As a broad example from outside early childhood education but as a circumstance in which the field is embedded, males continue to dominate females in a range of cultures and societies. This self-aggrandizing construction of “male superiority,” or patriarchy, is most evident in the preferential treatment that privileges males across the construction of languages, discourse practices, accepted/expected human behaviors, and even national and international governmental and expectations for leadership (Cannella & Viruru, 2004). Thus, males are constructed as normal (and advanced) and females are constructed as abnormal (and inferior). Females are held responsible for reproduction and nurturance (as this ultimate power tied to reproduction is continually discredited), while males are to perform capitalist production as they explain, order, and regulate. Euro-Western Christian, white male ways of knowing and doing have dominated Western societies and maintained conceptualizations of the female as the eternal caretaker. Even in contemporary time periods in which females go to war (serving as the stereotypic male killing machine or servant to that machine), voices of nonviolence that would counter assassination and war are most often silenced, and the acceptance of female leadership is relatively rare (e.g., military, business, national governments dominated by males). This mind-set is carried over to education, and especially early childhood education and care, with most teachers being females who are controlled by the gatekeepers of the system. These gatekeepers and social regulators include principals, school boards, accountability systems that would regulate behavior, and even CEOs, all who label, discredit, control, and even fire teachers and caregivers from within contemporary agendas that would privatize traditionally public services for children. Critical action is obviously needed within this context in which complex and intersecting social relations produce power and are reinscribed by that power.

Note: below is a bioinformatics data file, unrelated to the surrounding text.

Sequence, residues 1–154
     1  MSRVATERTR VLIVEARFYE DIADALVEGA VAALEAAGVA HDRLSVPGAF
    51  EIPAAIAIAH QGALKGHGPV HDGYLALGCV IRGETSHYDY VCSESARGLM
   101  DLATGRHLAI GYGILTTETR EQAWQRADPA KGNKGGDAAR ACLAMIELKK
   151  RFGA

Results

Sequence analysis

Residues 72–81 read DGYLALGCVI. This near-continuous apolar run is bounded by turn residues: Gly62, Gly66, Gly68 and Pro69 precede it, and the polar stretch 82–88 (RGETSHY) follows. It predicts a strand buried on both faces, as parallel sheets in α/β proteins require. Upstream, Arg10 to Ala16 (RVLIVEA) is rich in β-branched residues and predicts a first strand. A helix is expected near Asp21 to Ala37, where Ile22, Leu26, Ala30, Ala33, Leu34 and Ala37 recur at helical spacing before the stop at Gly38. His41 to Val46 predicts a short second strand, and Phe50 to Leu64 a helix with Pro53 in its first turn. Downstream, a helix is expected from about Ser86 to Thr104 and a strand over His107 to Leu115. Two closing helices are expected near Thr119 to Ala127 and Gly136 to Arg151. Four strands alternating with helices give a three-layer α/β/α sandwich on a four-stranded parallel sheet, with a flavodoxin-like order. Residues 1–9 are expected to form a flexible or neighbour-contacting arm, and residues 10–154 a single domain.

Power Relations